Report: College Endowment Returns Drop

New data shows college endowment returns are down after a banner year in 2021. Experts say the returns says more about a difficult year for the market than investment strategies.

August 10, 2022
College endowments fell in fiscal year 2022 after a strong performance in fiscal year 2021.
(iStock / Getty Images Plus)

During the last fiscal year, colleges had the strongest endowment returns in 35 years. But what goes up must eventually come down and a new report on fiscal year 2022 shows a downturn for endowments across the sector compared to last year.

The median return before fees was 27 percent in the 2021 fiscal year, according to data from the Wilshire Trust Universe Comparison Service. But more recent numbers indicate that college endowments fell by a median of 10.2 percent before fees in the 12 months leading up to June 2022, according to data released Tuesday by Wilshire and first reported by Bloomberg. However, colleges with larger endowments of more than $500 million performed better.

Unpacking the Numbers

The drop-off for fiscal year 2022 was dramatic. Wilshire data shows that U.S. college endowments suffered their biggest loss since 2009 when returns fell by 17.6 percent. But if the news sounds negative, it isn't all bad. Higher ed experienced strong returns compared to other sectors.

"Endowments actually did fairly well," said Mike Rush, senior vice president at Wilshire.

That's especially true for larger institutions with more diverse investment strategies.

"Endowments, particularly, larger ones are diversified beyond equity stocks and bonds, which is what helped them in a relative sense. Their alternative portfolios have been down a bit this year, but nowhere near what the broader U.S. equity, non-U.S. equity market is doing," Rush said.

The change in returns seems to be largely the product of market volatility. And even amid a difficult fiscal year of weak returns, college endowments still beat out the traditional 60/40 investment portfolios where 60 percent of allocations go to stocks and the other 40 to bonds.

"The second quarter of 2022 was historical but for all the wrong reasons. If you look back 50 years, you'll be hard pressed to find another quarter where global equities were down by double-digits and investment grade bonds were down five percent," Jason Schwarz, President of Wilshire, said in a company press release. "All plan types were able to outperform a traditional 60/40 portfolio, particularly larger plans with higher allocations to alternative investments."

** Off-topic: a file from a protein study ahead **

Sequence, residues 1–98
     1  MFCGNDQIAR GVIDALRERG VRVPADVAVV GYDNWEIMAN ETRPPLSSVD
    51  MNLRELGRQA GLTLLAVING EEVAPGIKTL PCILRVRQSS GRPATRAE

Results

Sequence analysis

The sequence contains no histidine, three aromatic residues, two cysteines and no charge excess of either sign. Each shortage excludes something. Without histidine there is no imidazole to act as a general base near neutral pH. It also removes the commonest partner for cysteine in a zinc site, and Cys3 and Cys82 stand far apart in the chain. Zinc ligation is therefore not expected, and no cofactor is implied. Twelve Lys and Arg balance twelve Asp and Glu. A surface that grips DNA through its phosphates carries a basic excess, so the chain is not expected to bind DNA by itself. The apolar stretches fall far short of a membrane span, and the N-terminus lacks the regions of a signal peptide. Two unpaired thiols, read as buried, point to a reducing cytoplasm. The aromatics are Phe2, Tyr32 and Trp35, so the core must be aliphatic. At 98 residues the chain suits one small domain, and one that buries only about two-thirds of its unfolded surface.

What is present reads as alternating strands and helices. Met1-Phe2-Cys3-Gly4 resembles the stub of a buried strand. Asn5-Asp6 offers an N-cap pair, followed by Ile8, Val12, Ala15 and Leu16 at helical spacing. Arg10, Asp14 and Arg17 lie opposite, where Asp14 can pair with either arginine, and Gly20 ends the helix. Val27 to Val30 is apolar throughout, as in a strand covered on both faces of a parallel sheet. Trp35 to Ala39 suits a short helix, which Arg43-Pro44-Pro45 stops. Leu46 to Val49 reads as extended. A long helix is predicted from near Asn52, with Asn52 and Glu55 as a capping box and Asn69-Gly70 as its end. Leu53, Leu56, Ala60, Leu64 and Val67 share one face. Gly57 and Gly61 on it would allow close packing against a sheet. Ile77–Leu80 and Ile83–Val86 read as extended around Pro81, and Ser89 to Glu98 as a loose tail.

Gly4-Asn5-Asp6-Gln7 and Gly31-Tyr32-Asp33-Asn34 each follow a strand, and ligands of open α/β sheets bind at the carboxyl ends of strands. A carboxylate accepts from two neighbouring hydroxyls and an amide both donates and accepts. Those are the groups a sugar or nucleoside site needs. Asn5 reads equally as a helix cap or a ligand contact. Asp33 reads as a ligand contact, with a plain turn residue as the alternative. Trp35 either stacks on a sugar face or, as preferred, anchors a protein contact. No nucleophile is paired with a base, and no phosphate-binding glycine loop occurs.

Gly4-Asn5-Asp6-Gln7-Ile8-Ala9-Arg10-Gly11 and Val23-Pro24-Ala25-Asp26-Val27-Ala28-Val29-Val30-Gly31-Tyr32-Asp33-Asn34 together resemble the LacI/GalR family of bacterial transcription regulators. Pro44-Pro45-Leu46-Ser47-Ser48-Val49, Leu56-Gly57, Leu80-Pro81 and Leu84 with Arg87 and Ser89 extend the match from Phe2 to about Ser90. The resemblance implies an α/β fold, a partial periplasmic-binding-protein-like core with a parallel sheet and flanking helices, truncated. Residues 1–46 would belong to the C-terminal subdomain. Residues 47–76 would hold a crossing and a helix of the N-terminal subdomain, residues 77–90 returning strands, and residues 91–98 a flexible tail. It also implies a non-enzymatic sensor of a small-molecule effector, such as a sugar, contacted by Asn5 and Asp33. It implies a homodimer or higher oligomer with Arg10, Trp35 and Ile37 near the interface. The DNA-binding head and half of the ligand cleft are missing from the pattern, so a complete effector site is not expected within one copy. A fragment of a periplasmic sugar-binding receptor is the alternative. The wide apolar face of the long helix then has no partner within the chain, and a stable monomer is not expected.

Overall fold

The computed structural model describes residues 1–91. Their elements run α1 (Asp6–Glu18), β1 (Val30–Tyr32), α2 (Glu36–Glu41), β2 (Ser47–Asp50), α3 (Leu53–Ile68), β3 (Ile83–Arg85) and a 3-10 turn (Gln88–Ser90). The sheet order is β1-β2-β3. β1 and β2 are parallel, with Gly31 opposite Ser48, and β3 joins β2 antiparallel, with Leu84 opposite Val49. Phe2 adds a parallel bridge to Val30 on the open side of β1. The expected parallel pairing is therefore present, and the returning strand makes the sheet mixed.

Though Wilshire released its data Tuesday, providing Inside Higher Ed with a partial data set, most colleges won't publish endowment details until the fall, according to statements from numerous institutions contacted by Inside Higher Ed.

Related Stories

Taking the Long View

While fiscal 2021 was up and fiscal year 2022 was down, the change likely won't matter much in the long term, explained Jessica Wood, sector lead for higher education at S&P Global. College investing strategies, she explained, are long-term plans that aren't shaped by one good or bad year.

"Schools don't set their budgets based on one year of investment returns, they set an endowment spending rate based on endowment performance over a longer period of time," Wood explained.

Rush offered a similar thought on taking the long view, noting that the returns had more to do with investing challenges than endowment strategies, meaning colleges shouldn&rsq#39uo;t overcorrect.

"It wasn't anything that changed with the endowments, it was just a very rough year for investing in general," Rush said. "Nothing broke during the last year, it was just the markets were quite poor. So let's look at the longer-term history, let's think about the long term going forward."

Based on conversations she's had with colleges, Wood said some market watchers saw this coming. At the very least, endowment managers weren't expecting the boom they saw in fiscal year 2021, when some of the colleges with the largest endowments raked in returns as high as 50 to 60 percent.

"I think the takeaway is, you can't earn large returns in a guaranteed way, year after year," Wood said.

Share Article

Read more by

Josh Moody

Back to Top